Ultimately, I found my “Schweddy Balls” in San Francisco (which, because I’m 12, prompted a slightly immature tweet from me). I had actually struck gold twice. I had first found a pint in a liquor store near the Marina district. Although they wanted $5.99 for it, I was tempted but I had to say no because I had no place to keep it cold as I continued my day trip.
Heading back to the Embarcadero for the bus and train ride home, I stopped by a nearby 7-Eleven for one last check and I found it again.
This time, the price was $4.99, but there was some confusion at the counter because the barcode wouldn’t scan. The clerk grabbed some Dreyer’s MAXX and said they were the same and the same price — $2.99. I repeatedly insisted that it wasn’t, but ultimately relented to resolve the issue.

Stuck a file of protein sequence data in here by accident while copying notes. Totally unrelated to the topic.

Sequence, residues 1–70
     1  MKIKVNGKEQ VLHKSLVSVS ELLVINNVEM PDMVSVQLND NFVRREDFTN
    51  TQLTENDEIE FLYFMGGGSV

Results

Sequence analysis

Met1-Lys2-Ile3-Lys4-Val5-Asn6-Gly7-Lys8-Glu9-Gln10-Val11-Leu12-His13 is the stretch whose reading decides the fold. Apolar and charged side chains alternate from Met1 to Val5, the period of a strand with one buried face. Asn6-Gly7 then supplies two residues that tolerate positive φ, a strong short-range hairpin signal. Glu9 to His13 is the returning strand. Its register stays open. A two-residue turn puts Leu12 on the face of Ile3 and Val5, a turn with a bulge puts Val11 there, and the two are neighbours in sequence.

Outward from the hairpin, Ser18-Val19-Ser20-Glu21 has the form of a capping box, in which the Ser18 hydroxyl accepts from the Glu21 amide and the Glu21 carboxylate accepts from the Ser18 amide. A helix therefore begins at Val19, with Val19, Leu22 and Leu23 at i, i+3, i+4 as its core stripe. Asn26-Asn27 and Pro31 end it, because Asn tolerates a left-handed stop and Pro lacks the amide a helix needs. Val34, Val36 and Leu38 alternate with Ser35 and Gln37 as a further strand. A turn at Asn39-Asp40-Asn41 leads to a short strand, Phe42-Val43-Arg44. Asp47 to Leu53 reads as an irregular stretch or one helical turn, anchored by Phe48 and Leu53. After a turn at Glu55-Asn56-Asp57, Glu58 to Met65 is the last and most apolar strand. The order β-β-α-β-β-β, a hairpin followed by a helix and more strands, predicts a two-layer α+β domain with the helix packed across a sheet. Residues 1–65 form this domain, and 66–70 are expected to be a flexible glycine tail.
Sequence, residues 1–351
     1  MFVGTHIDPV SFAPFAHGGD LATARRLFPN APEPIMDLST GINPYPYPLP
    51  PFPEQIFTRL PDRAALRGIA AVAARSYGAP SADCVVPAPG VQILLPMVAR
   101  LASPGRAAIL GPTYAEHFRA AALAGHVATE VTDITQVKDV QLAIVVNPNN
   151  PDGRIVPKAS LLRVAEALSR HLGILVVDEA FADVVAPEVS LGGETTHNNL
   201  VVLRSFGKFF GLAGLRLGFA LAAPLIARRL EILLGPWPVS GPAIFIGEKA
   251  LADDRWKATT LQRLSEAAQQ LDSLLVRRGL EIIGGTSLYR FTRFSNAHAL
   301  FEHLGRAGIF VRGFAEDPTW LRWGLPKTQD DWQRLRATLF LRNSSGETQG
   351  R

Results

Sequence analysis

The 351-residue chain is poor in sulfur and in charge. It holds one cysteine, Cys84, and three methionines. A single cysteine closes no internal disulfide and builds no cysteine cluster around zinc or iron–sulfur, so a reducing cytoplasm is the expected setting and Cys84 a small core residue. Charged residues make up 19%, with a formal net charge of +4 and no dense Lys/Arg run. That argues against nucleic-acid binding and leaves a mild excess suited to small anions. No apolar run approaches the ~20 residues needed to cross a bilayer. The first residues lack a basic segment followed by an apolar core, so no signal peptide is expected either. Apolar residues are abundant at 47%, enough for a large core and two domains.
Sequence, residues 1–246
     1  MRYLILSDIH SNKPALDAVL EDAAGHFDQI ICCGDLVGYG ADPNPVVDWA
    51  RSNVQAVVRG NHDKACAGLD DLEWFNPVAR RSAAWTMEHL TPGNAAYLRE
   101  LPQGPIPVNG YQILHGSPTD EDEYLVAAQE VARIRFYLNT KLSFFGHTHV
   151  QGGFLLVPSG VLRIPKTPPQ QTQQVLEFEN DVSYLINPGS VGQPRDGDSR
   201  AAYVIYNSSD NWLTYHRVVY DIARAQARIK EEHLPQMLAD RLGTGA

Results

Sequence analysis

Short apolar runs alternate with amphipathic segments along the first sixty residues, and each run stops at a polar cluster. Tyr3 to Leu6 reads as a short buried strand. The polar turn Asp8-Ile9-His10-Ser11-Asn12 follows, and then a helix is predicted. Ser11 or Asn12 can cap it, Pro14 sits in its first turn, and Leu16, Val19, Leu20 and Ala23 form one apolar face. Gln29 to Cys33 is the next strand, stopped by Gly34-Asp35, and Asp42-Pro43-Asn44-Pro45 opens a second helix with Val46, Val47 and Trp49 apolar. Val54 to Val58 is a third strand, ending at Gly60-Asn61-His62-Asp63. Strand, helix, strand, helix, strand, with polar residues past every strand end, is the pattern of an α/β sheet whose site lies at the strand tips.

I headed to the Emeryville train station and started sampling the product. I knew most of it was going to melt, but I wanted to get enough of a feel for “Schweddy Balls” to write an adequate review.
Opening the carton of Schweddy Balls ice cream at Emeryville train station.
Schweddy Balls is described as “Vanilla ice cream with a hint of rum, with fudge-covered rum and malt balls.”
The vanilla had good visual texture, with flakes, etc, and there was a discernable, slight taste of rum in the vanilla. However, that hint of flavor was often overpowered by the numerous mini rum balls although I could still detect it toward the end of the serving.
The balls in “Schweddy Balls” were about the size of chocolate-covered raisins and were scattered throughout the pint, although mostly down the middle of the container (in other words, it really didn’t look like the photo). The rum taste from the rum balls was fairly pleasant, with no discernable chemical aftertaste. The flavor was similar to what one might find in cherries liqueur.